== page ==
3, A star configuration topology, with a central mixing hub. Due to the fact it only needs one mixer and that is at the hub, it considerably reduces end point capability requirments, bandwidth, and quite a few KeyMan issues. However it has a single point of failure at the hub, both for reliability and security. Security especially as nobody has designed an efficient mixing system that works on encrypted data. Realistically that is not expected to change any time soon so the central gub has to work on plaintex which means it has to know all the keys being used…

For the sake of cost reduction option three although potentially the worst from a security asspect is almost always used and that is not going to change any time soon.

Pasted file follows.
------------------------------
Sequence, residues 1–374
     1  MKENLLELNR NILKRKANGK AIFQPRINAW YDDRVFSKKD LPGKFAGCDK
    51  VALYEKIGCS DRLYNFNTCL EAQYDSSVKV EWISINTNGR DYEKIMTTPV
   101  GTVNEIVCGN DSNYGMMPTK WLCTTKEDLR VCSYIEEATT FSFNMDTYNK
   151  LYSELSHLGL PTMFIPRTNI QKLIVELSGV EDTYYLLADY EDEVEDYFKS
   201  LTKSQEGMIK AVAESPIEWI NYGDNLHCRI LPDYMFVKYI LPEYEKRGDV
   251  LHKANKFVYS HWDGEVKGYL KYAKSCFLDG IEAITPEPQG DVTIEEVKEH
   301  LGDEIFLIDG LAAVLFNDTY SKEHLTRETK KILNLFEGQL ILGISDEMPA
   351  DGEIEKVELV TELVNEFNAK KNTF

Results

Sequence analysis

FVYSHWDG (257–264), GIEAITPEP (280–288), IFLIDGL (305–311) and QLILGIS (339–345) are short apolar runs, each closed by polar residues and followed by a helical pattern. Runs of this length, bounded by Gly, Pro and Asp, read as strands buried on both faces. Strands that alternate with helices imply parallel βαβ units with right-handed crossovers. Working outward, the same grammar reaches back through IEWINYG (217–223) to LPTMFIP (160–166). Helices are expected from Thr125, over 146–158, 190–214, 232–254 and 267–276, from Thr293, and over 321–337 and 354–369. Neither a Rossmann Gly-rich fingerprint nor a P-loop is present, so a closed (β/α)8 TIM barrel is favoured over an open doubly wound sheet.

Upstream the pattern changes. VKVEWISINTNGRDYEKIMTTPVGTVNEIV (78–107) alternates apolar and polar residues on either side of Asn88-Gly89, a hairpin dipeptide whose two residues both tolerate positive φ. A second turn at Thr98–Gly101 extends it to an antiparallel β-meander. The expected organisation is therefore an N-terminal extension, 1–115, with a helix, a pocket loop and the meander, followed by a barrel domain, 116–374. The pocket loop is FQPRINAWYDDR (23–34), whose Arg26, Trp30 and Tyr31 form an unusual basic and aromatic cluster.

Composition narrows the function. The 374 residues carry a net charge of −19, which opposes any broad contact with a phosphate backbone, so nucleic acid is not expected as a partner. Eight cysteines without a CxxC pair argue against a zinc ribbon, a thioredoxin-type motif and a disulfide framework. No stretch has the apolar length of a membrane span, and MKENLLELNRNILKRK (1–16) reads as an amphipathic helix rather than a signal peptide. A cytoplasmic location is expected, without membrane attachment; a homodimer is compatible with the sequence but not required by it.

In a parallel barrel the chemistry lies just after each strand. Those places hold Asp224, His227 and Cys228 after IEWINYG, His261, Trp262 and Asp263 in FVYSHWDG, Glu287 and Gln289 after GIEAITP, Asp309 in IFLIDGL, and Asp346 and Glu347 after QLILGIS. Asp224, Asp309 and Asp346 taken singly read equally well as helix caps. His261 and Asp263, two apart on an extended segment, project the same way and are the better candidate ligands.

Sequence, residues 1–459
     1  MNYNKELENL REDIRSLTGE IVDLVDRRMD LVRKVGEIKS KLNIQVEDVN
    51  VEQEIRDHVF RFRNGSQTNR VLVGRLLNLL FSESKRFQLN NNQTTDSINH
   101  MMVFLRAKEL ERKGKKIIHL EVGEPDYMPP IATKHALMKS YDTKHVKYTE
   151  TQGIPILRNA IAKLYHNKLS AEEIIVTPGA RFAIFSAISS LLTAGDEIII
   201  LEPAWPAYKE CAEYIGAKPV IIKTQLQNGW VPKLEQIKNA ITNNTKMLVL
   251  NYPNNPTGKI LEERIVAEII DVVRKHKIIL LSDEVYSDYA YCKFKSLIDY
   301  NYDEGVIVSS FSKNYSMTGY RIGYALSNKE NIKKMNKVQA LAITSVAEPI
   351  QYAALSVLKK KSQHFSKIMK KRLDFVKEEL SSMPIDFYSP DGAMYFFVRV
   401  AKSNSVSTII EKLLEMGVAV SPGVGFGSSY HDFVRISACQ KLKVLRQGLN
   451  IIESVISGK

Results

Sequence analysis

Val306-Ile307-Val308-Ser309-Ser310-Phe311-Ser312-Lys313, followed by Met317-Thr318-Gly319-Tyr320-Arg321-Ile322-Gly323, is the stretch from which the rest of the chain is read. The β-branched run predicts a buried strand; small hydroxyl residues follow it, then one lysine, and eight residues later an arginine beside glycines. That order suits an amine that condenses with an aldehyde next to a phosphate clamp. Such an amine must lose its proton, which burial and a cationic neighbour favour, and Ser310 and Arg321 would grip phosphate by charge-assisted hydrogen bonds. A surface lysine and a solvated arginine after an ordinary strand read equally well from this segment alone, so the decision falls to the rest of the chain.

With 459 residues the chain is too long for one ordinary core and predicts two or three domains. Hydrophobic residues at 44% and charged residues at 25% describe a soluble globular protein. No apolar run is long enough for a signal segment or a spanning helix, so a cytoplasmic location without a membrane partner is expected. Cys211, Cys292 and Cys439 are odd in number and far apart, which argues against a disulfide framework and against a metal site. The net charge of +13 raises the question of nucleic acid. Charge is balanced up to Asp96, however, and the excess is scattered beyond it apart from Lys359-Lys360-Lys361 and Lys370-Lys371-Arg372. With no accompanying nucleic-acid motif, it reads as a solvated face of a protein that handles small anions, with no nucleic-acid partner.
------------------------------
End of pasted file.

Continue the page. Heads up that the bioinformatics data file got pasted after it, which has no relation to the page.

So realistically for three or more party communications the system you use is from necessity going to be the least secure method, and if supplied by an external organisation that “supplies the hub mixer” than they will be privy to all keys and plaintext.

So the reality is you don’t realy get security no matter what the marketing bods may say.

I would say “pays your money takes your choice…” but in most cases people do not want to hand over money, so they have to pay in other ways such as by total loss of privacy..

Lawrence D’Oliveiro June 5, 2020 7:45 PM

Think of it as a way for them to make money. Companies offering “freemium” services are always trying to find ways to entice the punters to part with some money to step up to the “premium” service from the “free” level, hopefully without antagonizing them. This might work on that basis.

Users who care about security, but don’t want to pay for it, will just have to find some less trendy and fashionable alternative to Zoom.

Sancho_P June 6, 2020 5:12 PM

@Clive Robinson, Re: E2E encryption with N communication parties.